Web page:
A Chapter 7 bankruptcy begins upon filing a bankruptcy petition. Once the petition is filed, the court will issue a case number and an automatic stay is invoked. The automatic stay prohibits creditors from collection activity. This affords the Debtor relief from phone calls, foreclosure, repossessions, garnishment or other collection activity. Approximately thirty days after filing the petition, a meeting is scheduled called the First Meeting of creditors. At this meeting, creditors may attend to ask questions about the case. The meeting is conducted by a Trustee who is appointed by the court. The purpose of the Trustee is to review the schedules and collect any unexempt property or preferences on behalf of the creditors.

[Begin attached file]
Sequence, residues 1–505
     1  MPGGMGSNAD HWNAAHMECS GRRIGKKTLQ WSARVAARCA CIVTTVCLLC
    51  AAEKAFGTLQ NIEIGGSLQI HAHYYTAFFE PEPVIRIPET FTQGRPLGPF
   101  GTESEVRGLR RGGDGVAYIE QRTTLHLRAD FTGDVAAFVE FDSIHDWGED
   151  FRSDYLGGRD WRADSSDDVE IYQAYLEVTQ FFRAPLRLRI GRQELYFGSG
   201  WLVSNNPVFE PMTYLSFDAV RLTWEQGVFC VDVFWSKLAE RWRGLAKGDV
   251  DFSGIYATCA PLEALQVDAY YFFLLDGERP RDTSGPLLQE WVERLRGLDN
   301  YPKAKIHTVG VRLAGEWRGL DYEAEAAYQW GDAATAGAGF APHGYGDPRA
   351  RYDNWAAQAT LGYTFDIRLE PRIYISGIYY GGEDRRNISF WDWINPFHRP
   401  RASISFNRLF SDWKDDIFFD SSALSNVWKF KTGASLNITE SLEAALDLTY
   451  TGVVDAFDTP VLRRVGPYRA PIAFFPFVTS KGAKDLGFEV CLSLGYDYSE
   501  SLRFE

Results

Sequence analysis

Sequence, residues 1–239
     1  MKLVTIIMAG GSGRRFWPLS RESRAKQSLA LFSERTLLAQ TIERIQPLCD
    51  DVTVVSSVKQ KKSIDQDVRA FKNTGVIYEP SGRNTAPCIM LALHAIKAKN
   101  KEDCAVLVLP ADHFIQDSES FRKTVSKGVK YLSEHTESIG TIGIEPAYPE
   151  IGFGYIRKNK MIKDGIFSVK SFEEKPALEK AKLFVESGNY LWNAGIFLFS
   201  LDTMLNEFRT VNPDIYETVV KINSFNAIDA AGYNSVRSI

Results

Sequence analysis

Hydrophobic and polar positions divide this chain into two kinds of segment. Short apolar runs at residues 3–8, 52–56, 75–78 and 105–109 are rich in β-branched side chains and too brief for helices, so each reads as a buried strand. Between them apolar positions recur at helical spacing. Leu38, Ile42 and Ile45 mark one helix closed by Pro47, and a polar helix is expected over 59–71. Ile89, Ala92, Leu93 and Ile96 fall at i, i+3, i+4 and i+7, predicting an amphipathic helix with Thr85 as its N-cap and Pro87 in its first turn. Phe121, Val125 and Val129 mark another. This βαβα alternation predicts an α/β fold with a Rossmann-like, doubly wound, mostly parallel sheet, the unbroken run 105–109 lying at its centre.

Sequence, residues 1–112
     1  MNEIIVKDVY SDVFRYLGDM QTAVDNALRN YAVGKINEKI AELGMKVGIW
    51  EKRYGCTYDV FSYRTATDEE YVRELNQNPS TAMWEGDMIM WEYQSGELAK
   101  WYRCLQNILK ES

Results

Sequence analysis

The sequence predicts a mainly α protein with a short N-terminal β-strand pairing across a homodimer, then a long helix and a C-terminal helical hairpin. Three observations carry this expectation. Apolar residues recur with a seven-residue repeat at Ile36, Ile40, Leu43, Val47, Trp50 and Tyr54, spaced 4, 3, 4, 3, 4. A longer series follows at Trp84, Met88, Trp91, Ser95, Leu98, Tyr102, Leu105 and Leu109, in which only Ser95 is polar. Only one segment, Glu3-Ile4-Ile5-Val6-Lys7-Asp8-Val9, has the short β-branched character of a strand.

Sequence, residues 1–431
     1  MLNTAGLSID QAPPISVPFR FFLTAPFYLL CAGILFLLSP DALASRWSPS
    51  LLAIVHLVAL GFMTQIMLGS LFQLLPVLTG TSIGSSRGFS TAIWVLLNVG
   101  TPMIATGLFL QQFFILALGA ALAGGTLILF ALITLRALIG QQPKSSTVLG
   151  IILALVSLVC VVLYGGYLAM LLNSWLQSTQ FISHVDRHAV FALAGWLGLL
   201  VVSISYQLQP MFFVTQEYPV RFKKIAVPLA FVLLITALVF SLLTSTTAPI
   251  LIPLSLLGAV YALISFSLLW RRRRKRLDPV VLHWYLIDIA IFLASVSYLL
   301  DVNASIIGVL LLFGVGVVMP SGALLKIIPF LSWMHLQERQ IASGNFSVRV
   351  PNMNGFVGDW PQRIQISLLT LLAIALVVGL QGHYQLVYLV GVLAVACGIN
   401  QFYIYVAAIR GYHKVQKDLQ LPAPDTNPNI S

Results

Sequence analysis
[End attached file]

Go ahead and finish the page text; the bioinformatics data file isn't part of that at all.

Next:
Approximately sixty days after the first meeting the court will issue a discharge. During the sixty day waiting period prior to discharge, the creditors can file objections to their claim being discharged. The most common reason for a creditor to file an objection is fraud. If no creditor files an objection which is called an adversary proceeding, all debts are discharged. The Trustee can also file an objection to discharge during the sixty day waiting period. The most common reason for a Trustee to file a complaint to deny discharge is hiding assets or failure to cooperate with the Trustee in providing documents and records. Even if a creditor files an objection to their debt being discharged, the court will still issue a discharge, which will apply to the remaining creditors. Once the discharge is issued creditors are permanently barred from any collection activity. Even after the discharge is entered the Trustee may hold the case open for collection of assets. This usually happens when the Debtor has some asset to collect such as an unexempt tax refund or personal injury action that has not been resolved. The Trustee keeping the case open should have little effect on the Debtor. In general most Chapter 7 bankruptcy cases are completed in approximately ninety days.